Yes, this is the upper Ashley!
Before that, however, we became interested in the history of the site by attending an archaeology field trip. We learned that a wealth of artifacts can be found just a few inches down, because the site was never built over, as so many places are in the Lowcountry. The archaeologists working the site allowed our kids to dig and sift beside them, instructing them in the proper techniques.

Remains of old wharf on the Ashley River at Colonial Dorchester
Down the hill from the green (originally the market square in the original town plans) and the fort lies the spot where a bridge once spanned the river, connecting the road that runs past the plantations downriver (Middleton Place, Magnolia Plantation, Drayton Hall etc.). The fort changed hands a couple of times between the British and the Americans, and was occupied for a while by Francis Marion. General Nathanael Greene took it back for the last time in December 1781. At this point, the British burned the bridge and much of the town, and the site was soon abandoned.

These days, the site offers a beautiful—and inexpensive!—place to let one's family run. Recent archaeological work has led to the placement of several information plackards and a kiosk where some of the artifacts can be viewed, as well as a diorama of the original town as they know it.

More photos—not mine—can be viewed here at the Quarterman family website. All photos in this post are mine or my daughter Breanna's.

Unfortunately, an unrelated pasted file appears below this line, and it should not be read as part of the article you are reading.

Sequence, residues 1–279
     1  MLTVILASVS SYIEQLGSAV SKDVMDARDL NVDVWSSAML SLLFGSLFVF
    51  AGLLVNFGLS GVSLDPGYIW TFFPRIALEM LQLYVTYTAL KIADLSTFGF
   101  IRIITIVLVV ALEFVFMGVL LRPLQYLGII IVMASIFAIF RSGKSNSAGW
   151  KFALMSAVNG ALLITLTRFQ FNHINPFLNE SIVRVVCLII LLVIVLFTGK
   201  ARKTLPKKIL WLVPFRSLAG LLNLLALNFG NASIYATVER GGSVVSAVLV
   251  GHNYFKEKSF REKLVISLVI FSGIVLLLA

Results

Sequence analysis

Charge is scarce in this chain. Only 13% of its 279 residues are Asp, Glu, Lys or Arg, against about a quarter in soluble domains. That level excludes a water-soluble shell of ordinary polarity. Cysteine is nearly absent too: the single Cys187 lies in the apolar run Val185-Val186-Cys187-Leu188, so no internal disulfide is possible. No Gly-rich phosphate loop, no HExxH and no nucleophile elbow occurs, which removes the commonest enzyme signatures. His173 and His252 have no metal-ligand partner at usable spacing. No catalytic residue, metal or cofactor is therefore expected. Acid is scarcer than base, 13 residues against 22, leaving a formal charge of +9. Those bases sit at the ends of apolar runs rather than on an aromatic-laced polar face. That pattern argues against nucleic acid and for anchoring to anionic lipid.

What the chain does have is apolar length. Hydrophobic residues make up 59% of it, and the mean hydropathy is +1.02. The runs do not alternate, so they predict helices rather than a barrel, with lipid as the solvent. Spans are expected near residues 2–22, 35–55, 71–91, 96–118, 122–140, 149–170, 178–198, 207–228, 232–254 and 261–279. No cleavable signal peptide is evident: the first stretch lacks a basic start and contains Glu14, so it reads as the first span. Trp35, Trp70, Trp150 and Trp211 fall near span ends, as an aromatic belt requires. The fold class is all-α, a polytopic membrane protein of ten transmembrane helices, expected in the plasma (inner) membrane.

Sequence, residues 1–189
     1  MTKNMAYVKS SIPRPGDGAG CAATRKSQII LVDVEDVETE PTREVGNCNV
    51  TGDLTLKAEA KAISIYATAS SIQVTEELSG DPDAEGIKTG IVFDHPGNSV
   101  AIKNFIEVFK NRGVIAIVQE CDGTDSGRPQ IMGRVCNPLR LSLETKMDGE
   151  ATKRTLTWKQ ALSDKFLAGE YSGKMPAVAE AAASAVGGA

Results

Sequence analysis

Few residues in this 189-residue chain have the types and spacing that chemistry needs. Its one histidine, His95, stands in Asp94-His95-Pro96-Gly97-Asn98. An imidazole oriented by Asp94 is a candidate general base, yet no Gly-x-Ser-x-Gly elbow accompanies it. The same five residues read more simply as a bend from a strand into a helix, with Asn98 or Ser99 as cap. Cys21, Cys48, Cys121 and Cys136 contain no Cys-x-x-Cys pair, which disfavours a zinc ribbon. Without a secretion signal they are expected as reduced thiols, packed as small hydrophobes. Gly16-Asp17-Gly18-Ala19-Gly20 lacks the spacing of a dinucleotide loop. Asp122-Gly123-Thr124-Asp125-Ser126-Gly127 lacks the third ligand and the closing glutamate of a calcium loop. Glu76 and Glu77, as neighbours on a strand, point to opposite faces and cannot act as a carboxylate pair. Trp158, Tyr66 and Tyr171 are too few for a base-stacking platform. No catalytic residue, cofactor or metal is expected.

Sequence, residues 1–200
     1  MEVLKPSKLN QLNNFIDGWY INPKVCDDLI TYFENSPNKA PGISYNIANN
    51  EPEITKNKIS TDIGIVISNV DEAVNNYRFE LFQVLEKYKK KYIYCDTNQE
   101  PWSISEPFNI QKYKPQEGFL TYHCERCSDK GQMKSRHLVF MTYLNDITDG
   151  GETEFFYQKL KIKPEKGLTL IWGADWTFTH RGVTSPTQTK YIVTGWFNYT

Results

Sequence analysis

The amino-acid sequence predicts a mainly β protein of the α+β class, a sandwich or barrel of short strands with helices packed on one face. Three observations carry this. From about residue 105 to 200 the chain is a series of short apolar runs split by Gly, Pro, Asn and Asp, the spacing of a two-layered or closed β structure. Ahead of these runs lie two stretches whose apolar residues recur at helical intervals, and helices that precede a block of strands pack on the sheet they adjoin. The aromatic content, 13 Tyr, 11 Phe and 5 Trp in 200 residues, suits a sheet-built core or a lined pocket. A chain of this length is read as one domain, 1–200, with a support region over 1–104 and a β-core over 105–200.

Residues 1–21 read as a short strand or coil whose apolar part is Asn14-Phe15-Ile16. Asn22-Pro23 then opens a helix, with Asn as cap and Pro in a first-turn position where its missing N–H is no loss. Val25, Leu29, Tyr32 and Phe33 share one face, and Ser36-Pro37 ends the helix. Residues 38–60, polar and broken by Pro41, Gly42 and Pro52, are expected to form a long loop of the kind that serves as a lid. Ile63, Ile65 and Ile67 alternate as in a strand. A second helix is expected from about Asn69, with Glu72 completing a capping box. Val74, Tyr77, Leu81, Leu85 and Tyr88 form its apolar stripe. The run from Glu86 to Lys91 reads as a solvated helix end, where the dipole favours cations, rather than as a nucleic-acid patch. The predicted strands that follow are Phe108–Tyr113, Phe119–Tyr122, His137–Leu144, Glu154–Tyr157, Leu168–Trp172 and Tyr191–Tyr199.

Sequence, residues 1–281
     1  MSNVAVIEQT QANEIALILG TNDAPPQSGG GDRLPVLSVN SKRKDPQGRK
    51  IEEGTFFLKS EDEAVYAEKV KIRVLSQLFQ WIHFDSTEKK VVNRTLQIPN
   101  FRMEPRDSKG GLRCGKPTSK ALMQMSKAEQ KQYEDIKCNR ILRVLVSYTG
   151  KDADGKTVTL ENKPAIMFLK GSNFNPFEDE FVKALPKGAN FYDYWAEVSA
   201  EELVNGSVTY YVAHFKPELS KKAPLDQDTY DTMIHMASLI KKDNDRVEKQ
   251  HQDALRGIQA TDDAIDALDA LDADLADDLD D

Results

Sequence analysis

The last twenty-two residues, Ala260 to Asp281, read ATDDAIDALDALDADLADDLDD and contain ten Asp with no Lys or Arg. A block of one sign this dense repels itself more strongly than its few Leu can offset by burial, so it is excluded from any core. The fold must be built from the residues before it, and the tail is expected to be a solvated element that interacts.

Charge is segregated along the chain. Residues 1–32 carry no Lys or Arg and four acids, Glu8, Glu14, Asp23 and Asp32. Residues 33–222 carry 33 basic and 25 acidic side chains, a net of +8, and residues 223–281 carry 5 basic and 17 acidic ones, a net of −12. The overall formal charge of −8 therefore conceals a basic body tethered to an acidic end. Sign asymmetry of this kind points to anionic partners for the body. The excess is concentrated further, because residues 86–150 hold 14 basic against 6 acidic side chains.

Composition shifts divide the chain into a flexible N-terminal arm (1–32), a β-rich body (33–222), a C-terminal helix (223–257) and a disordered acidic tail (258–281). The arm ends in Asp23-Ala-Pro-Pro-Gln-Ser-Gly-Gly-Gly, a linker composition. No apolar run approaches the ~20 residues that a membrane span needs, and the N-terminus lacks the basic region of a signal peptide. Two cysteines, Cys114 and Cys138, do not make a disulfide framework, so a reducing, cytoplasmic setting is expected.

It's been a long time since this fort was guarded by a redcoat!

(Fun fact: during the time period portrayed by this event, the redcoats were the good guys!)


  1. Replies
    1. It's one of those out-of-the-way, almost forgotten spots ... but we love it!

  2. Enjoyed this very much. Would love to visit some of these places of our history.
    Blessings, Tina

    1. The Charleston area has almost too much to choose from, but this is one of our favorites. :-)

  3. Thanks so much for this post, Shannon. This will definitely be a destination for us when our granddaughter visits this summer. Looking forward to it.

    1. Glad I could give you some new options! :-) It's only a couple of dollars per person to visit, seriously. We've done family photos out there twice, and too many picnics to count.

  4. Great post, Shannon. I've visited the area and was pleasantly surprised it had been preserved. Great photos, too. Blessings, Elva Cobb Martin, President South Carolina Chapter, American Christian Fiction Writers. PS Is there a chance you and some of the Charleston area writers can make it upstate for our chapter Novel Boot Camp beginning Saturday, April 26, at 2 PM? Had to give it a plug! Ha

    1. Hi Elva! Glad you enjoyed it, and thanks for your kind comments about the photos!

      I would love to come, but that's a bit far for me to drive now! :-) The younger kids and I moved to North Dakota in January, to be with my husband in his new job. But I'll forward the email you sent onto a couple of the contacts I still have back there. Blessings!!